Re: evolution and "I"

E. Shaun Russell (
Tue, 3 Sep 1996 12:18:30 -0700 (PDT)

On 02/09/96 -0600, Ira Brodsky wrote:

>My question: do extropians necessarily believe the universe will reach a
>steady-state? Or is the end so far off it can be ignored? Or, as I would
>like to believe, will we conquer this universe and just move on to the next

I think this question will vary from individual to individual.
Personally, I believe that there is no end to the universe. In fact, I
*hope* that there is no end to the universe. If there is no end to the
universe, there is always farther to go. More to strive for. If it were
discovered that there was indeed an end, then that would be a limit. The
stereotypical question: 'where do we go from here' would have a brutal
answer: 'nowhere'. That would definately be the most depressing day for me,
and probably many others as well.
As for 'conquering' this universe and moving on to the next, again I
hope not. The word 'conquering' doesn't sit well with me in the first place.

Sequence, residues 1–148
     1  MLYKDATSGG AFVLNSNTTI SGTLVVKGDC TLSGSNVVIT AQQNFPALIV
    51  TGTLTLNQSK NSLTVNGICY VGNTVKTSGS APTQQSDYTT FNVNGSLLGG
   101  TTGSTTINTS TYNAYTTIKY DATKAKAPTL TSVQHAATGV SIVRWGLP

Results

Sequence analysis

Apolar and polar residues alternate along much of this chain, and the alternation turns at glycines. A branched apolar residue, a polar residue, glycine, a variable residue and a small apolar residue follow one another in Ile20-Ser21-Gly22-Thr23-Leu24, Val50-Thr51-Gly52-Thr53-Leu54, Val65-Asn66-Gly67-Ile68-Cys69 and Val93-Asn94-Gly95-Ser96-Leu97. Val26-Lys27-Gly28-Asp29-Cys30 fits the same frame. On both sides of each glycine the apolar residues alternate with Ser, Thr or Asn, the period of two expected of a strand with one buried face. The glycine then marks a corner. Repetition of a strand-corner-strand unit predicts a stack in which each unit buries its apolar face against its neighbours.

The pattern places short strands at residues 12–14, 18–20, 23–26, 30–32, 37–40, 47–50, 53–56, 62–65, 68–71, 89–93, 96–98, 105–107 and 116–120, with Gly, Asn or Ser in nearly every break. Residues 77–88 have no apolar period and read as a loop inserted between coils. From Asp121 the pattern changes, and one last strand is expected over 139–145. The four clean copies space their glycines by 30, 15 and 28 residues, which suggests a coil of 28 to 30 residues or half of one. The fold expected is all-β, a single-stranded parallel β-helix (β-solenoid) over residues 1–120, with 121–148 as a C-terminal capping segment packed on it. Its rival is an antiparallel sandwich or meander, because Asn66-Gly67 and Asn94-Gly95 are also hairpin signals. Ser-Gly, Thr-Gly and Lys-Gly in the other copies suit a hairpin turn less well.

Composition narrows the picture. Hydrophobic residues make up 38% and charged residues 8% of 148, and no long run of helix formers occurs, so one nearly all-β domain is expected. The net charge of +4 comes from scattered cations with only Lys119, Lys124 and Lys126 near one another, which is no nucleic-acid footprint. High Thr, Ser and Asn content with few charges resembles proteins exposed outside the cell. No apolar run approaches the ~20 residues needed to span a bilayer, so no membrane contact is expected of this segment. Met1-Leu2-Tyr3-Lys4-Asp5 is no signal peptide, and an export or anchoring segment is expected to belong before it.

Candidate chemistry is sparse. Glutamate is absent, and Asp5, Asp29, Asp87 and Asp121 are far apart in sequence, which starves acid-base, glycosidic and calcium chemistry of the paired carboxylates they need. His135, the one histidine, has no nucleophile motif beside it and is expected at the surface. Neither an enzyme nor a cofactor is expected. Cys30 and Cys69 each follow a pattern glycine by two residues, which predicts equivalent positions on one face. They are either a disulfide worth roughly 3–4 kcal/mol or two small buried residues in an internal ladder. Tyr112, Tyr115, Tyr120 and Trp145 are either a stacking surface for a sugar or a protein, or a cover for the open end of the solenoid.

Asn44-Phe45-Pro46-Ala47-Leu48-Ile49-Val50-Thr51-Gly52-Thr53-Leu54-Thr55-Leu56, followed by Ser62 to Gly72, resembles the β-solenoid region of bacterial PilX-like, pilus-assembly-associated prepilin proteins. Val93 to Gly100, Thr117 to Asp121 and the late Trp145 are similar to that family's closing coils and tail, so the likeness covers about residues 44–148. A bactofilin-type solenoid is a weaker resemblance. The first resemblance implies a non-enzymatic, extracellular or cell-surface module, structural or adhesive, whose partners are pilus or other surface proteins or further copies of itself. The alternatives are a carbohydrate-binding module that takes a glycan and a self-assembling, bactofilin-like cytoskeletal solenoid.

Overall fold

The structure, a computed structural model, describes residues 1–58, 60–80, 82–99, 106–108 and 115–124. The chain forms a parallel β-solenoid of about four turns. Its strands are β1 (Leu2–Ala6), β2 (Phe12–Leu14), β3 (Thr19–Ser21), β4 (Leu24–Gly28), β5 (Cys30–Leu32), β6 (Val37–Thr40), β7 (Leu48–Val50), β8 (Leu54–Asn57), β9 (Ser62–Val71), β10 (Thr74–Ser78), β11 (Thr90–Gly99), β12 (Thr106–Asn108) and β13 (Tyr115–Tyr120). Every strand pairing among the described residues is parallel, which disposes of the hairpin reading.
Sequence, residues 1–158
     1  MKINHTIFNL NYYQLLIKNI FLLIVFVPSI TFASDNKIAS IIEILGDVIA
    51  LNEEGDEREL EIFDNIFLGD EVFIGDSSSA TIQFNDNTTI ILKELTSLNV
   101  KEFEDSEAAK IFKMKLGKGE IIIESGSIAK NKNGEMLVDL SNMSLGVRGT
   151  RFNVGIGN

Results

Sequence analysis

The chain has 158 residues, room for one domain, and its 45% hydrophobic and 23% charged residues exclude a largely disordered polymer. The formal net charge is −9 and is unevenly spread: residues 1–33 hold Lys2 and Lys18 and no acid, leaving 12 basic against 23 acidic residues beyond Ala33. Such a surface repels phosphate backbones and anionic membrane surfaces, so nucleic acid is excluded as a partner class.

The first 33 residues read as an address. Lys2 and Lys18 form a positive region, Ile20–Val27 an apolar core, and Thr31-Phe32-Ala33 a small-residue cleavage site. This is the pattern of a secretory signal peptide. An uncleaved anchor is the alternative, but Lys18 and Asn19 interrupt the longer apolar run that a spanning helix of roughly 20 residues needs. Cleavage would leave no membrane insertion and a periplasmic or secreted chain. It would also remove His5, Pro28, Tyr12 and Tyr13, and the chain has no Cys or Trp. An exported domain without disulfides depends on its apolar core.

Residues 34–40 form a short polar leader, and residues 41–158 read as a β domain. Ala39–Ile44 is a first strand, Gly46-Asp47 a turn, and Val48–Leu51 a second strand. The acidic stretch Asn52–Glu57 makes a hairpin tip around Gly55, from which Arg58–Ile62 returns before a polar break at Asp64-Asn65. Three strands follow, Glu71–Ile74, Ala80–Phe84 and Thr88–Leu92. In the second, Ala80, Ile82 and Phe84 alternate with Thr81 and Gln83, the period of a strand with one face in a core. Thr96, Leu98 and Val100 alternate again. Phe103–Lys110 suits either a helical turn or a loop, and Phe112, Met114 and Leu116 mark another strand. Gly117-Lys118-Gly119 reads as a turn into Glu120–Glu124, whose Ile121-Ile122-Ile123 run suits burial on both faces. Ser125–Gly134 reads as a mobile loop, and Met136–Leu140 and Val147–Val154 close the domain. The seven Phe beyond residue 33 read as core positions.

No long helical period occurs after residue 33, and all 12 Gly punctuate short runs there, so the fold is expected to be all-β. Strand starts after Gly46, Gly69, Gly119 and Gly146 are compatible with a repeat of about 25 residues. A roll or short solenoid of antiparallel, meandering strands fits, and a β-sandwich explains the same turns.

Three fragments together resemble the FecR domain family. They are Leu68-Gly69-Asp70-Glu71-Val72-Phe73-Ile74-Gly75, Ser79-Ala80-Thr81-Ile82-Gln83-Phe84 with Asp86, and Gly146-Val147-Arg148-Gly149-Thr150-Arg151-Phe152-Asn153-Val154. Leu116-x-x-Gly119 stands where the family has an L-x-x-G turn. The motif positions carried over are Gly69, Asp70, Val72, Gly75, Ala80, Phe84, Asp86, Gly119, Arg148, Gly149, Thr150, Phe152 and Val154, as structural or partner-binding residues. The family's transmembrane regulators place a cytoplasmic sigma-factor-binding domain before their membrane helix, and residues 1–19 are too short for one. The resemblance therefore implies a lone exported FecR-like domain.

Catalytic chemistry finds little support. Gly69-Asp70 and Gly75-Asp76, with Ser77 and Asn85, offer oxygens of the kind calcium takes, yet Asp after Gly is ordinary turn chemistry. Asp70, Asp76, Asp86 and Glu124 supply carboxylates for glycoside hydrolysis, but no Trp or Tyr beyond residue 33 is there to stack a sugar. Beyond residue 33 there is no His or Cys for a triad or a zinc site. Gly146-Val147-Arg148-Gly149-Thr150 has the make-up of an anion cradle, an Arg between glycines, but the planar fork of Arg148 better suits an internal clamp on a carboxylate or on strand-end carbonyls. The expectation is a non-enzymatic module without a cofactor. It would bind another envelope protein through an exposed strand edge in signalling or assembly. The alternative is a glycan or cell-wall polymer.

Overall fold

Why conquer? Discovery is far more important than actually 'taking
something over'; much like an idea is more important than the final product.
Hence, transhumanism and extropianism. Insight to the future. The idea of
'ingredi externus' (a Latin term I often use meaning 'go beyond') is more
important than the product ordained. Without an idea, there can be no creation.
Libertarianism is basically the 'politic of freedom'. Man can only
be free if there is no limit to the lengths he can go, ie: if the universe
has no end, there is no limit that can't be nullified.

-E. Shaun

"When I sitting heard the asronomer where he lectured with much
applause in the lecture room,
How soon unaccountable I became tired and sick,
Till rising and gliding out I wander'd off by myself,
In the mystical moist night-air, and from time to time,
Look'd up in perfect silence at the stars."
-By Walt Whitman